Updated 5:49 p.m.Why do I still think of NYC Parks Commissioner Mitchell Silver as ‘new’? He has held the position for three years now hired by Mayor Bill de Blasio. Previous Bloomberg Administration Parks Commissioner Adrian Benepe was in the job for ten years and did so much that attracted news, mostly because the city agency under his lead often went against community wishes and so many outrageous things occurred.
When Commissioner Silver arrived, he lauded as one of his tenets community involvement and discussion. But is he following through on that? Residents around Brooklyn’s Fort Greene Park, with a redesign of sections of that park on the table, are feeling they are being exposed to similar heavy-handedness as Bloomberg Administration tactics around the redesign of Washington Square Park: as in lots of meetings but not really being listened to.
One long-time Fort Greene community member Enid Braun remarked, “It reminds me of in terms of stupid use of money to the whole thing where they moved the fountain in Washington Square Park to be symmetrical with the Arch. Just a ridiculous use of money.”
You may recall who handled the meetings around Washington Square Park and its contentious redesign plans: Manhattan Parks Commissioner Bill Castro and recently appointed as park administrator, George Vellonakis; it was presented as Vellonakis’s design, as an unlicensed architect, including moving the fountain 22 feet east to “align” with Arch, changing its historic location since 1871.
Many trees are slated to die with the proposed plan at Fort Greene Park which Commissioner Silver himself is very much involved in promoting (Adrian Benepe stayed pretty much in the background on Washington Square).
When will architects and designers work existing healthy living trees into their plans? Shouldn’t that be part of sustainability and just good practice? At Washington Square they axed seven 40-year old healthy trees around the fountain due to the moving of water lines to “align” fountain and Arch (oh, and also partly for tourist sight lines, so they could take better pictures of the Arch, according to Vellonakis). We know how that turned out – repeatedly dying trees due to the design itself (they are still dying).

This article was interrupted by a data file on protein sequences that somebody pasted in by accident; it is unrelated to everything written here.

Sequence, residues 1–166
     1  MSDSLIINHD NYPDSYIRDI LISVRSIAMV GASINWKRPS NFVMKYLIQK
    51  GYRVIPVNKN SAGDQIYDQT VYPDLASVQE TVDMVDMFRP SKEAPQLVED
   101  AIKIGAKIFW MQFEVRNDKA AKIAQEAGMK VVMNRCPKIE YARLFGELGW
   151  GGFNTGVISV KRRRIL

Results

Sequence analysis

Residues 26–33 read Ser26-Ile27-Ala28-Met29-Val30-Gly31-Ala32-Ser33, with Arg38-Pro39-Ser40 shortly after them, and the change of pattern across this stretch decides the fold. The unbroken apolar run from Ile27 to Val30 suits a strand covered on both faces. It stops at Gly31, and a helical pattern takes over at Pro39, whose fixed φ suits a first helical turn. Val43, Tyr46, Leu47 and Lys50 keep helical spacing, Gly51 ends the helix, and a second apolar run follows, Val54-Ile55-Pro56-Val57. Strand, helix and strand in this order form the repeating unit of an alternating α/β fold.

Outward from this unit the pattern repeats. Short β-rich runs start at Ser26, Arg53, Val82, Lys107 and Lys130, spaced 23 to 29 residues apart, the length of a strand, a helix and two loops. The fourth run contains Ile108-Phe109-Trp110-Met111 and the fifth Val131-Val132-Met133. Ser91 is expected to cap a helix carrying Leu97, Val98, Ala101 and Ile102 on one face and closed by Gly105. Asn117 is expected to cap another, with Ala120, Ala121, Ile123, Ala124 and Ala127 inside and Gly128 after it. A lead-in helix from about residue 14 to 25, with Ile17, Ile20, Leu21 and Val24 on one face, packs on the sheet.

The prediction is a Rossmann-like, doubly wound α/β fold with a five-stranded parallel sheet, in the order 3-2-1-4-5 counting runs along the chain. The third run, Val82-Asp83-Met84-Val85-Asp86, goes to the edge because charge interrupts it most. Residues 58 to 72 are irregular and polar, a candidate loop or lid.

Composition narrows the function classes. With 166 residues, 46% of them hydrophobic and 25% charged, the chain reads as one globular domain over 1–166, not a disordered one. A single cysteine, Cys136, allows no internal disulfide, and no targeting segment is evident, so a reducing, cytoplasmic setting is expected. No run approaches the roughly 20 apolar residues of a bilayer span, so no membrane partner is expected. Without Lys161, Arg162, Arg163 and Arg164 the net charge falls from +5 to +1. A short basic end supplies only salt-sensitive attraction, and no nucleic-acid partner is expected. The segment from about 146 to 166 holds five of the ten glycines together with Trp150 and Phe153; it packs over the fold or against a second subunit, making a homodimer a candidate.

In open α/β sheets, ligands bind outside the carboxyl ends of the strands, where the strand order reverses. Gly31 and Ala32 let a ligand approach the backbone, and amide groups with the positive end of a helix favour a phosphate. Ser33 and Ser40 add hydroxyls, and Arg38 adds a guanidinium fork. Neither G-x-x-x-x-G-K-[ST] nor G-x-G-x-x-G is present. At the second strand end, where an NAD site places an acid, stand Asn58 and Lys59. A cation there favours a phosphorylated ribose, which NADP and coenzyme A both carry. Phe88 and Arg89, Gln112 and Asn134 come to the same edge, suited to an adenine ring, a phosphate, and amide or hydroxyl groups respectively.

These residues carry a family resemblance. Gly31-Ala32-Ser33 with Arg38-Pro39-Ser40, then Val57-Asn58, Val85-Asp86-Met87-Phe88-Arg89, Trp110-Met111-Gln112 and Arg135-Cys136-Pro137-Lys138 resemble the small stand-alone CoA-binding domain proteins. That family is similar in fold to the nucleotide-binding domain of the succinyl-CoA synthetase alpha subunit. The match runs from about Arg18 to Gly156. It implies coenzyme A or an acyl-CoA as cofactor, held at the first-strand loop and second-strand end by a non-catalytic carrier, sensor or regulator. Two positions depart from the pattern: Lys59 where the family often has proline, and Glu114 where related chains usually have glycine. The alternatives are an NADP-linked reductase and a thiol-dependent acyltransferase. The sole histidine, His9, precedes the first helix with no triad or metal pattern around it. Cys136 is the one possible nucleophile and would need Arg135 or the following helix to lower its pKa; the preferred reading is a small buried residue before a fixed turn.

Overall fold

From Parks Commish “Spin” Class For Workers After Disastrous Ft.Greene Pk Redesign Community Meeting via A Walk in the Park Blog:
Some residents are upset over the [Fort Greene Park] proposal. The plan would eliminate a rounded stone retaining wall and open up the park to the street, creating a plaza like entrance at the busy corner of Myrtle Ave. and St. Edwards Place in the northern section of the park.
The plan would also eliminate many trees, and The Mounds a popular children’s feature in the park and pave the way for commercial activities in that area of the park residents fear.
Critics have called the Parks Department Mayoral funded $7 Million redesign proposal, “engineered gentrification.”
The city argues that the plan would open up site lines to the park’s historic Prison Ship Martyrs’ Monument, provide additional seating, and open pathways.
Rebuffed by strong community opposition a month earlier at a Parks’ Community Input Meeting, an “angry” Silver presided over a more than two hour lecture for park employees at the Queens theater on, at least in part, how to “spin” public opposition to unpopular projects.
Apparently over 200 Parks Department employees mostly from the Capital Projects Division were mandated to attend a talk “Public Engagement 101: Tips to enhance your public meeting experience” in Queens in March. I am amazed that there are 200 employees in the Capital Division.